Alibaba to stop sales of e-cigarette components in the US

Vaping products have been linked to a mysterious lung illness in the US. (File/AFP)
Updated 09 October 2019

Alibaba to stop sales of e-cigarette components in the US

  • Vaping products have been linked to a mysterious lung illness that is reported to have led to 18 deaths as of last week
  • Prior to the suspension, buyers could easily purchase devices, component parts and packaging

OCTOBER: Chinese e-commerce firm Alibaba said on Wednesday it will stop selling e-cigarette components in the United States, amid growing regulatory scrutiny and reports of lung disease and some deaths linked to vaping.
The move follows announcements by Kroger Co. and Walgreens Boots Alliance Inc. this week that they would stop selling e-cigarettes at their stores, in line with a similar decision by Walmart.
Alibaba said it already had a long-standing policy in place to not sell complete e-cigarette products in the United States.
Vaping products have been linked to a mysterious lung illness that is reported to have led to 18 deaths as of last week, with the number of confirmed and probable cases of the condition exceeding 1,000, according to the US Centers for Disease Control and Prevention.
Alibaba Group Holding Ltd. said that listings for products such as box mods, vape pens, herbal vapors, heat not burn devices, and empty pod cartridges would not be displayed for users located in the United States.
While Juul Labs Inc. dominates the North American market for pod e-cigarettes, many reports of death and injury in the United States have been tied to makeshift brands with no identifiable owner.
The most prominent, Dank Vapes, was linked to 24 patients with lung illness, according to a study from the New England Journal of Medicine. The products contained THC, the psychoactive ingredient in marijuana.
Prior to the suspension, buyers could easily purchase devices, component parts and packaging from sites like Alibaba or Amazon to make their own counterfeit vaping devices.
Amazon.com Inc. took down vape paraphernalia in September, although it did not specify the exact products it removed.


Oil retreats in face of renewed coronavirus uncertainty

Updated 22 February 2020

Oil retreats in face of renewed coronavirus uncertainty

  • G20 finance leaders to meet in Saudi Arabia at the weekend to discuss risks to the global economy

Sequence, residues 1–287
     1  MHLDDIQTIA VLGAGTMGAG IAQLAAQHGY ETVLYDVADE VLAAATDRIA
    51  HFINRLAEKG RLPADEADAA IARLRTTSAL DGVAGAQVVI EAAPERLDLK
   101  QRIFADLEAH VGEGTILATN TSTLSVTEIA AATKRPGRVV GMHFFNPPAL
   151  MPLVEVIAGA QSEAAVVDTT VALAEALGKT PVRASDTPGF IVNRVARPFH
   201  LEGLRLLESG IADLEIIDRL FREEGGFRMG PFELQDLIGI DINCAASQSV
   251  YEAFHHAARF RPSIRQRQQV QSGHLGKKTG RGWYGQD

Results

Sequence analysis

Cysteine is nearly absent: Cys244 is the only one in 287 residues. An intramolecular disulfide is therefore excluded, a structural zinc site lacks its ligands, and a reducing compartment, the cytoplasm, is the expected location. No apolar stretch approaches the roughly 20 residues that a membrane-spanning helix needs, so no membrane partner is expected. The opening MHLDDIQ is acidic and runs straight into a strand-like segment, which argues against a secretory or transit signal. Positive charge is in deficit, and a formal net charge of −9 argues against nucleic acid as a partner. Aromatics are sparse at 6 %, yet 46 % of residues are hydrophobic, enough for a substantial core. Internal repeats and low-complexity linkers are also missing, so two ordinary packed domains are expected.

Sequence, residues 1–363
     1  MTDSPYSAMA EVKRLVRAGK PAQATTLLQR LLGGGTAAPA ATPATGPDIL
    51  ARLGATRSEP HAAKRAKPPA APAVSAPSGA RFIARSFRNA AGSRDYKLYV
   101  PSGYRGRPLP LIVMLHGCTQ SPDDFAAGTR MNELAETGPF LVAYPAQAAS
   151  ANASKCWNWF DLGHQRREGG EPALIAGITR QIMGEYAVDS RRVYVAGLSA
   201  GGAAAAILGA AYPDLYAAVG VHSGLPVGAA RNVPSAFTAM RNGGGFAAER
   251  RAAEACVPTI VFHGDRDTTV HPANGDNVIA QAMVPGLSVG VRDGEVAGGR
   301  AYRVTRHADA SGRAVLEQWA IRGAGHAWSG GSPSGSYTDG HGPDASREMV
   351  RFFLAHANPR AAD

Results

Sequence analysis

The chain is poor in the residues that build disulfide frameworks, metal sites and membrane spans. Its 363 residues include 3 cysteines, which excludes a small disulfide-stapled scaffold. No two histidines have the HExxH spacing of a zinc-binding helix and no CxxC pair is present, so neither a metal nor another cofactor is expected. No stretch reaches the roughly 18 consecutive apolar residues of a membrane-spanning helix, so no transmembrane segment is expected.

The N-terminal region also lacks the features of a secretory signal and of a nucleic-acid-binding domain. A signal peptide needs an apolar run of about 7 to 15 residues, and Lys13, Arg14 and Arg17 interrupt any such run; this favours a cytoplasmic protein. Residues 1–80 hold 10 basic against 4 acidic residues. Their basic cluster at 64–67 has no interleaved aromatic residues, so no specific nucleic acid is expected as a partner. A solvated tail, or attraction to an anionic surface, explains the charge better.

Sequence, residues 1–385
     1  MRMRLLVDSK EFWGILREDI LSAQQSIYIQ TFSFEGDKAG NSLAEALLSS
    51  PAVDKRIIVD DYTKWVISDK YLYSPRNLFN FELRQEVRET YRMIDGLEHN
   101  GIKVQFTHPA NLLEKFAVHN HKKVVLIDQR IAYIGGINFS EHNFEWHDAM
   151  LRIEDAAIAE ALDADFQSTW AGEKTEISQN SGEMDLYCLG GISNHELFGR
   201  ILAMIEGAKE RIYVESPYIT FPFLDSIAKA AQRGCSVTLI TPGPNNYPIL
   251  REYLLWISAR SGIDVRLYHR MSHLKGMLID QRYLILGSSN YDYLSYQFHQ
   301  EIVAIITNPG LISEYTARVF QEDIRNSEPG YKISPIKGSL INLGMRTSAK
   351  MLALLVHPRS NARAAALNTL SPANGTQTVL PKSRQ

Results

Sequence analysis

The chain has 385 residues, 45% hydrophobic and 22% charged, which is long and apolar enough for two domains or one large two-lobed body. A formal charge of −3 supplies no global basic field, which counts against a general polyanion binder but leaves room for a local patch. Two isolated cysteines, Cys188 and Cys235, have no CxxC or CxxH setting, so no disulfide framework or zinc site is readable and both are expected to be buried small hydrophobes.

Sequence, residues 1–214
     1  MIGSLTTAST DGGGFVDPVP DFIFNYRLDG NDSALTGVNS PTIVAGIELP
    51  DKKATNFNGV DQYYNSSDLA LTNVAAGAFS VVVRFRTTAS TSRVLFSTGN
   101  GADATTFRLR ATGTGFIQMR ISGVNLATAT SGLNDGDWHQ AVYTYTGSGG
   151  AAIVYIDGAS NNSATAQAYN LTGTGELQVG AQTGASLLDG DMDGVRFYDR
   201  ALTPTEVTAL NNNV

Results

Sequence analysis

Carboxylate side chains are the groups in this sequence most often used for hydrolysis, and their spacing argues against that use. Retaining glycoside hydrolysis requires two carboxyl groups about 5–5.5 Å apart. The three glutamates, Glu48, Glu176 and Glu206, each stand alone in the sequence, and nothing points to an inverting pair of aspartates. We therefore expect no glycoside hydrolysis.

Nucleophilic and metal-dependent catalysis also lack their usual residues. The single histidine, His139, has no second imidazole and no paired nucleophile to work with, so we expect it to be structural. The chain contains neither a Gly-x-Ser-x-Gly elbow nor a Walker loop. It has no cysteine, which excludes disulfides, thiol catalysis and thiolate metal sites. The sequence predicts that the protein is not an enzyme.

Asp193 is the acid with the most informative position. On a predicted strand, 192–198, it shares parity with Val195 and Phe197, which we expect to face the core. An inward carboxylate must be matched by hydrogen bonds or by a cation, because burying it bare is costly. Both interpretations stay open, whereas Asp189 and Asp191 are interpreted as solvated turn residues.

• OPEC+ has been withholding supply to support prices and many analysts expect an extension or deepening of the curbs

LONDON: Oil prices fell on Friday as weak Asian data and a rise in new coronavirus cases fuelled uncertainty about the economic outlook while leading crude producers appeared to be in no rush to curb output.

Brent crude was down $1.56, or 2.6 percent, at $57.75 in afternoon trade, while U.S. crude dropped $1.25, or 2.3 percent, to $52.63.

"With Brent failing to breach the $60 level on Thursday despite better than expected U.S. oil inventory data, rising market uncertainty is dragging down oil prices on Friday," said UBS analyst Giovanni Staunovo.

"Market participants who benefited from the price rise in recent days might prefer not to go into the weekend with a long position."

 

China reports rise in coronavirus cases.

Japan factory activity shrinks at fastest pace since 2012.

Russia says early OPEC+ meeting no longer makes sense.

Finance leaders from the Group of 20 major economies meet in Saudi Arabia at the weekend to discuss risks to the global economy after new Asian economic and health data kept investors on guard.

Beijing reported an uptick in coronavirus cases on Friday and South Korea reported 100 new cases, doubling its infections. In Japan, meanwhile, more than 80 people have tested positive for the virus.

Factory activity in Japan registered its steepest contraction in seven years in February, hurt by fallout from the outbreak. 

"We still believe that the market is likely to trade lower from current levels, given the scale of the surplus over the first half of this year, and the need for the market to send a signal to OPEC+ that they must take further action at their meeting in early March," said ING analyst Warren Patterson.

Russian Energy Minister Alexander Novak said on Thursday that global oil producers understood it would no longer make sense for the Organization of the Petroleum Exporting Countries and its allies to meet before the planned gathering.

The group, known as OPEC+, has been withholding supply to support prices and many analysts expect an extension or deepening of the curbs.